2020-10-02: Avian Science Notes October Newsletter

University of California - Cooperative Extension                                               

October 2020                                 

NOTE:  The NEW CONTEST deadline has been extended until Thursday, October 22.


The Avian Science Notes Newsletter (current and back issues) written by Dr. Francine Bradley,

Extension Poultry Specialist Emerita from UC Davis, is always available at: https://avian.ucdavis.edu/

2020-10_AVS_notes_online.pdf   (Here is the full pdf version, including photos.)




            California’s State Veterinarian receives national recognition

             Eggs and Poultry Meat as Food

             Photo Contest Winners (1ST place)

             Eating during the pandemic

             Photo Contest Winners, continued (2nd place)

             Where’s the meat?  Poultry Meat of course

             Photo Contest Winners, continued (3rd place)

             Quick Serve Restaurants (QSR), eggs, poultry meat, and the pandemic

              Resource Materials

              Meeting Ideas

              Gratitude to Volunteers, Fair Staff, and PHIs who helped shelter evacuated poultry

              New Contest



California’s State Veterinarian receives national recognition

This summer, Dr. Annette Jones, the California State Veterinarian, received the James A. Graham Award at the virtual annual meeting of the National Association of State Departments of Agriculture.   Her award recognized the tremendous efforts she made to eradicate virulent Newcastle Disease (vND) and her leadership in managing other animal diseases from 2018-20.  Dr. Jones is a great friend to poultry producers, large and small, and we add our congratulations.

Dr. Annette Jones
                    Dr. Annette Jones

Eggs and Poultry Meat as Food

This issue is on Food, specifically the use of eggs and poultry meat in human diets.   Highlighted will be how the pandemic and lock down have impacted the use of these items.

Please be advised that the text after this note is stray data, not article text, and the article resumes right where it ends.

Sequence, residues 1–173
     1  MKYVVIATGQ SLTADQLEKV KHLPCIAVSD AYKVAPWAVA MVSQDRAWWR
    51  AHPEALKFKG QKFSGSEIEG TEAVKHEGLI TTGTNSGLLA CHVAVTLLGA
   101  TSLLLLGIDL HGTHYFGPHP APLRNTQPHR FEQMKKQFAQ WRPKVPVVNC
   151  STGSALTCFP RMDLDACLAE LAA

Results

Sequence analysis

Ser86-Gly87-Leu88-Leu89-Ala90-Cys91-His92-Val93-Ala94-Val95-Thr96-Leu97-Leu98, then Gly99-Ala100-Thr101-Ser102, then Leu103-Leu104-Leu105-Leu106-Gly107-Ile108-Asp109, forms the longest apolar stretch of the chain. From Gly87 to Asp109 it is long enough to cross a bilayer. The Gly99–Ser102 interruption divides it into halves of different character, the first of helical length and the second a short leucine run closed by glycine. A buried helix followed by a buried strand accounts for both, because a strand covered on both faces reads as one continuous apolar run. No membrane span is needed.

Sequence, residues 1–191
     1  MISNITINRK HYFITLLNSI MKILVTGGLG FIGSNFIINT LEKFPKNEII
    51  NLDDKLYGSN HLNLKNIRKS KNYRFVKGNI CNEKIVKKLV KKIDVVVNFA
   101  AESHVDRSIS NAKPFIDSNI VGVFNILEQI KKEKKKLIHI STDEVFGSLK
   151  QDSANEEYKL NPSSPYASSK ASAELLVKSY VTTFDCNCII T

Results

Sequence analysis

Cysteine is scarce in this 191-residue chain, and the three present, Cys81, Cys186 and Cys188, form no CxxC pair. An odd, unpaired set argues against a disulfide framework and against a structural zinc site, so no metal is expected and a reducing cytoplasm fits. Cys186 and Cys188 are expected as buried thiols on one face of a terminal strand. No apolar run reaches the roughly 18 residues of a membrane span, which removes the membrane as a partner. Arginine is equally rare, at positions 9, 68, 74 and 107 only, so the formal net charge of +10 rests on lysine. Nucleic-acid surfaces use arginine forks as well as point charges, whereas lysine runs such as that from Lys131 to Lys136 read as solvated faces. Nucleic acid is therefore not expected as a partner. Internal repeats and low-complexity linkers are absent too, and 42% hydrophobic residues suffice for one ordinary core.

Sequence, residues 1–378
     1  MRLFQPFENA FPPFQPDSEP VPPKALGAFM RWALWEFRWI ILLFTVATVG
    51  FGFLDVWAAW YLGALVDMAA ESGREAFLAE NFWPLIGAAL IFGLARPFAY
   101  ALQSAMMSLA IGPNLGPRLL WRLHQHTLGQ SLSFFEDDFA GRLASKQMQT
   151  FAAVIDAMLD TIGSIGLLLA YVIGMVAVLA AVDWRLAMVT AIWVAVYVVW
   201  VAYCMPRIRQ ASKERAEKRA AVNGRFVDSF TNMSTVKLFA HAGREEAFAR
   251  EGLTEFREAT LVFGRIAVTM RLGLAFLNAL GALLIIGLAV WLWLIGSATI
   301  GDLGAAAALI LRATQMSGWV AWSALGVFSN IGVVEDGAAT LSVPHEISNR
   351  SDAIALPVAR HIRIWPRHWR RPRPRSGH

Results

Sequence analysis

Photo Contest Winners

Thanks to all who entered the Photo Contest for this Food issue (as advertised in the August Newsletter).   It was interesting to see the entries as they came in, poultry 4-Hers have been using eggs in a myriad of ways during the pandemic.  Pictured in this issue are the top 3 entries. 

Congratulations to First Place Winner, Sammy Belik.  Sammy is a member of Ventura Co. 4-H and writes that he and his Mother prepared the dish.

Eating during the pandemic

Certainly, what, where, and when we eat has also changed for many.  Figures from the United States Department of Agriculture (USDA) can help us identify some of the changes and patterns.  Between February and March of this year, there was a 20% drop in the money ($67.6 to $54 billion) Americans spent on buying food away from home (FAFH).   While some states were already locking down in March, even more states locked down in April and it was then that FAFH dropped 34% from the prior month.   The March spending of $35.7 billion was less than what Americans spent during December 2019.

While the FAFH numbers are dramatic, they only tell part of the story.  The U.S. Grocer Shopper Trends study documents the changes at the shopper-grocery store level.   Considering March and April again, the weekly household grocery bill climbed from $120 to $161.

As the pandemic closed offices, schools, hotels, and restaurants, what foods were in high demand at the grocery store?   Eggs seemed to be in all shopping carts and in many news stories.   The urge for eggs far outpaced the egg supply.   Grocery stores scrambled to find more eggs.   The Wall Street Journal reported that in the first week of April, grocers were paying $3.01/doz wholesale, versus $0.94/doz at the start of March (all prices from USDA statistics).

Photo Contest Winners, continued

2nd Place was awarded to Loralei Paukert of Napa County.   Loralei prepared classic deviled eggs and displayed them on a hand-painted dish.   Loralei’s entry deserves special mention, as her Father, Dr. Martin Paukert, is a former National Avian Bowl Champion.   Loralei painted the deviled egg dish for her Grandmother, long-time 4-H Poultry Leader, Mrs. Sherry Paukert.